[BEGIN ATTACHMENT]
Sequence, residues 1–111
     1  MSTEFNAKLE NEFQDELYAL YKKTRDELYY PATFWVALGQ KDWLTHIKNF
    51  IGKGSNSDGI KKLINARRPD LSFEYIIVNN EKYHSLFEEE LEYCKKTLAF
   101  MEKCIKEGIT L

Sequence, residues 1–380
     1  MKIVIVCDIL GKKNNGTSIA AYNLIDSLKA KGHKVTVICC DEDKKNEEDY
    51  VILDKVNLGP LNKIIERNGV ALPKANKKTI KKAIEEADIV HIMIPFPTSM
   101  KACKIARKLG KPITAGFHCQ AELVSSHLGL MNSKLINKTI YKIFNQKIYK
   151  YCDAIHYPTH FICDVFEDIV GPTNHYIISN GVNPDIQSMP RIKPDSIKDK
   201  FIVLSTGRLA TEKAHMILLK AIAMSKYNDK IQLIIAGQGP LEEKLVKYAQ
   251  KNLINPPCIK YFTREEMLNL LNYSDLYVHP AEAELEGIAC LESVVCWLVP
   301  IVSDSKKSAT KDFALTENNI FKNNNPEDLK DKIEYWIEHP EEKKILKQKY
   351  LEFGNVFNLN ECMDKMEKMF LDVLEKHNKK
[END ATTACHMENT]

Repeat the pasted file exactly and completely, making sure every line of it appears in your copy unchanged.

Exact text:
Sequence, residues 1–111
     1  MSTEFNAKLE NEFQDELYAL YKKTRDELYY PATFWVALGQ KDWLTHIKNF
    51  IGKGSNSDGI KKLINARRPD LSFEYIIVNN EKYHSLFEEE LEYCKKTLAF
   101  MEKCIKEGIT L

Sequence, residues 1–380
     1  MKIVIVCDIL GKKNNGTSIA AYNLIDSLKA KGHKVTVICC DEDKKNEEDY
    51  VILDKVNLGP LNKIIERNGV ALPKANKKTI KKAIEEADIV HIMIPFPTSM
   101  KACKIARKLG KPITAGFHCQ AELVSSHLGL MNSKLINKTI YKIFNQKIYK
   151  YCDAIHYPTH FICDVFEDIV GPTNHYIISN GVNPDIQSMP RIKPDSIKDK
   201  FIVLSTGRLA TEKAHMILLK AIAMSKYNDK IQLIIAGQGP LEEKLVKYAQ
   251  KNLINPPCIK YFTREEMLNL LNYSDLYVHP AEAELEGIAC LESVVCWLVP
   301  IVSDSKKSAT KDFALTENNI FKNNNPEDLK DKIEYWIEHP EEKKILKQKY
   351  LEFGNVFNLN ECMDKMEKMF LDVLEKHNKK